The program covers a broad spectrum of foreign policy and security issues, including Russia’s relations with the U.S. and Western Europe, the creation of a common Euro-Atlantic security system, Russia’s cooperation with its neighbors, the evolving relationship with Central and Eastern Europe, and the development of ties with China, Japan and other Asian powers.
At the start of 2021, Russia’s relations with the United States and Europe are uniformly bad. US President Joe Biden vows to be even tougher on Russia than his predecessor Donald Trump. Josep Borrell, having made the first trip to Moscow by a EU foreign policy chief in four years, certified that Europe and Russia are drifting apart, which could lead to consequences.
Russia and the European Union need to imagine a more realistic goal for their relationship: a model of neighborliness, in which the inevitable disagreements will be managed in order to prevent disruptive conflicts and damaging collisions.
The main thrust of U.S. policy toward Russia has not changed much with the advent of a new administration. U.S.-Russian interaction on strategic stability issues will go hand-in-hand with persistent condemnation and retribution for what Biden calls Russia’s determination to damage and disrupt American democracy.
One of the first foreign policy signals to come from the Biden administration has been Washington’s expressed willingness to extend the New START Treaty with Russia for another five years. Moscow, for its part, has long been ready for such an extension, without any conditions.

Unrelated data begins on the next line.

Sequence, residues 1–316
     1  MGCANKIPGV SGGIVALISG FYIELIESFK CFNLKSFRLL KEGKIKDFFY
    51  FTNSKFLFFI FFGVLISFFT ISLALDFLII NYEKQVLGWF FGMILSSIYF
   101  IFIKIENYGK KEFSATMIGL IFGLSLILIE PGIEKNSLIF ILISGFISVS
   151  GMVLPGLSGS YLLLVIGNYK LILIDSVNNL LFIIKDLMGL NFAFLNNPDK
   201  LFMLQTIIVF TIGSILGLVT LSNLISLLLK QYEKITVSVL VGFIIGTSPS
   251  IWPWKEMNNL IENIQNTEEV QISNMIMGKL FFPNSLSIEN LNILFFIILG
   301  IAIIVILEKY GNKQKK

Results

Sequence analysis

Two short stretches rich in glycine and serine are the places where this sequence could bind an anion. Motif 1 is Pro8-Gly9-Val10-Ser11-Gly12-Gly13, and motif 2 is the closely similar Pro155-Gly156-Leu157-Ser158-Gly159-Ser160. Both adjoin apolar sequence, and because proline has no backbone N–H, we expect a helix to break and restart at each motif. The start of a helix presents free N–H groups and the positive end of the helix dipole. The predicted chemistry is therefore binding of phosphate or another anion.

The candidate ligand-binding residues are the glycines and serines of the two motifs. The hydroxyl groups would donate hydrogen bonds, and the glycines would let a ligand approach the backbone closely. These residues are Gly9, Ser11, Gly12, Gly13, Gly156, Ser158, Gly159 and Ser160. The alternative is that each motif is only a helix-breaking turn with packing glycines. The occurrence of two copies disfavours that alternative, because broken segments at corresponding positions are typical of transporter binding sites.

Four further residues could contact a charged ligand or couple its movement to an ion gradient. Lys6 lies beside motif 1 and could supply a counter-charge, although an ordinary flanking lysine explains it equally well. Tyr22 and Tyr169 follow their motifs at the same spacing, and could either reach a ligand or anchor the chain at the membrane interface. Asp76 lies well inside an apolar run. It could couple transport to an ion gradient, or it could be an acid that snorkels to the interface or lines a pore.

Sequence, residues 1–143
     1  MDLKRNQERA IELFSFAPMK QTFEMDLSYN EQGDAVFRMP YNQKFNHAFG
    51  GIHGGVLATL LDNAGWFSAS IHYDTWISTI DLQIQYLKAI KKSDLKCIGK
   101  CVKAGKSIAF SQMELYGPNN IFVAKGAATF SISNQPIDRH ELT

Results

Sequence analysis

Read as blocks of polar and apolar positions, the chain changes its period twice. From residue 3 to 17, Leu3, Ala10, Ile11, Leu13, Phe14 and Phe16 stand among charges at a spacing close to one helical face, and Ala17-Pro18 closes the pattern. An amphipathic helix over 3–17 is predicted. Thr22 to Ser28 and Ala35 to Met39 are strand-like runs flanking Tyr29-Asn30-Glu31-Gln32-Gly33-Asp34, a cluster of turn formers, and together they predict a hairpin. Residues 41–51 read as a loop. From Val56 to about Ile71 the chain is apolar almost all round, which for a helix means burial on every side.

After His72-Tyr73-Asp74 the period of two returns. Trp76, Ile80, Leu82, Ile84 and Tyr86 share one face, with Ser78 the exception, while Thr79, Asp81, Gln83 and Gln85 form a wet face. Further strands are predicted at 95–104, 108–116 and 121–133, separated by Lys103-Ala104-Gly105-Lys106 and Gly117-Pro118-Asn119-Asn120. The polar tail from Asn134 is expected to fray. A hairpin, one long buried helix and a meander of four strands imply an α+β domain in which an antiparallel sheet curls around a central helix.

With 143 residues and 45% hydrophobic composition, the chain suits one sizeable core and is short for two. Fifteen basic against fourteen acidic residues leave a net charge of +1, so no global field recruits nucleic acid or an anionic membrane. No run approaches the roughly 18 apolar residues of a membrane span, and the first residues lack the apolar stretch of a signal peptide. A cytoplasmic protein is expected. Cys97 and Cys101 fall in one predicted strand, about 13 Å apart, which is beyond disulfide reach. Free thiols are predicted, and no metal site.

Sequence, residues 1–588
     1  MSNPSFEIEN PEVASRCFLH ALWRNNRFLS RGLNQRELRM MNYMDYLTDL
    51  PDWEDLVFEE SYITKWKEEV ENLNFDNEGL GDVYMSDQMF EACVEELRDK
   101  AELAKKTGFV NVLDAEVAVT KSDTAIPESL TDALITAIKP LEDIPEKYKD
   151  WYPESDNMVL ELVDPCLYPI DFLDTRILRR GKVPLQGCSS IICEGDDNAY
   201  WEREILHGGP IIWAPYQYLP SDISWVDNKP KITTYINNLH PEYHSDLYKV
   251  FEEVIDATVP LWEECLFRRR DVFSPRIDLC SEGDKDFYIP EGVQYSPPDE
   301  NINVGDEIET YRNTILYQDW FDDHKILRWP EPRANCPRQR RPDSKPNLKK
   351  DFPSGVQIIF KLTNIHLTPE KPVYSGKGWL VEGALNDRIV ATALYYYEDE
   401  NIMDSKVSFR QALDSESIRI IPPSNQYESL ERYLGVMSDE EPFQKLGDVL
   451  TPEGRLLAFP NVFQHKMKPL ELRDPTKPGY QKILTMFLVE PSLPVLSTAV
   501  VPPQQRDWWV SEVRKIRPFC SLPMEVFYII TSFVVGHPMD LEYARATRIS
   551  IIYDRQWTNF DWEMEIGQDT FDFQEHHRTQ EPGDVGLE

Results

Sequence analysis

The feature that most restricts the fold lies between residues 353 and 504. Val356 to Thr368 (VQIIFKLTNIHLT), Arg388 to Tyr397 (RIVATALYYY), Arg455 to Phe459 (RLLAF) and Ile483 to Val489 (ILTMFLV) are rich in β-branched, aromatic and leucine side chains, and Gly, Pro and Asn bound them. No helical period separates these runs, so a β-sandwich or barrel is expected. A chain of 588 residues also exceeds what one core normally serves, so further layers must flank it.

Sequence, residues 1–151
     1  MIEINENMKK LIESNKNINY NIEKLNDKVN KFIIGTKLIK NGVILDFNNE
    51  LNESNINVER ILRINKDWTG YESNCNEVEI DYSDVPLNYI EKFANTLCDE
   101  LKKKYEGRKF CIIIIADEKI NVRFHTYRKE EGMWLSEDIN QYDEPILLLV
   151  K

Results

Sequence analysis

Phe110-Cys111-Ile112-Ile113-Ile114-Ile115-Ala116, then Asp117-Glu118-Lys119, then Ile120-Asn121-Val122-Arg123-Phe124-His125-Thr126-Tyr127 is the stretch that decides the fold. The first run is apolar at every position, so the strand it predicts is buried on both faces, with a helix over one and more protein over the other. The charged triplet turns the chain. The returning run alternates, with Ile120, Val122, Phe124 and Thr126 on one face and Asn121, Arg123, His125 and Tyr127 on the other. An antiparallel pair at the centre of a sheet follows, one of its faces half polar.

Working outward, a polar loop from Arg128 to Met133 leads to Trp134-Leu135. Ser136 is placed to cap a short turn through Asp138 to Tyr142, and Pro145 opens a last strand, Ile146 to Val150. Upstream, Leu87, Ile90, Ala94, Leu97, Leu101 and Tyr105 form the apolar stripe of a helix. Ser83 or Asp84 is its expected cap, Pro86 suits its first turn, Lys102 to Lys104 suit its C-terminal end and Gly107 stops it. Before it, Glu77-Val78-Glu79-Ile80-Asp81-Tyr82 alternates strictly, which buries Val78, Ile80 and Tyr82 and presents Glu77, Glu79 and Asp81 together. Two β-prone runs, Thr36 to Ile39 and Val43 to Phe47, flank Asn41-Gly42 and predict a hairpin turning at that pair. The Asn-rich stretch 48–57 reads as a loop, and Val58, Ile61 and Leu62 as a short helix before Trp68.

Russia-EU relations have come a full circle since the 1990 Paris Charter for a New Europe, which represented the diplomatic equivalent of the End of History. Old hopes and new nightmares aside, where might Russia and Europe be a decade from now? Current trends are clearly taking them toward real confrontation, and potentially conflict. What can be done to keep things on an even keel, while not yet again falling for wishful thinking?
Russia and its Baltic Sea neighbors could start repairing their badly broken relationship on a common basis of neighborliness. This would fall far short of partnership, but it would end unchecked hostility.
This is not a call for a reset or a new partnership, but rather for a responsible, less hostile relationship between rivals bitterly divided by visions of world order, geopolitical interests, and values.
Security in the Baltic Sea region is a major element in the European politico-military landscape. The region demands special attention as it is where NATO and Russia are direct neighbors, sharing land borders. Where does the region fit in Russia’s foreign and security policy? How to preserve a minimum of security in the region? Join Ambassador Vygaudas Ušackas and Dmitri Trenin to explore these and other issues.
President Biden will challenge the Kremlin both domestically and geopolitically. To thwart that dual challenge, Russia needs to deal with its numerous vulnerabilities effectively before its adversary is able to exploit them.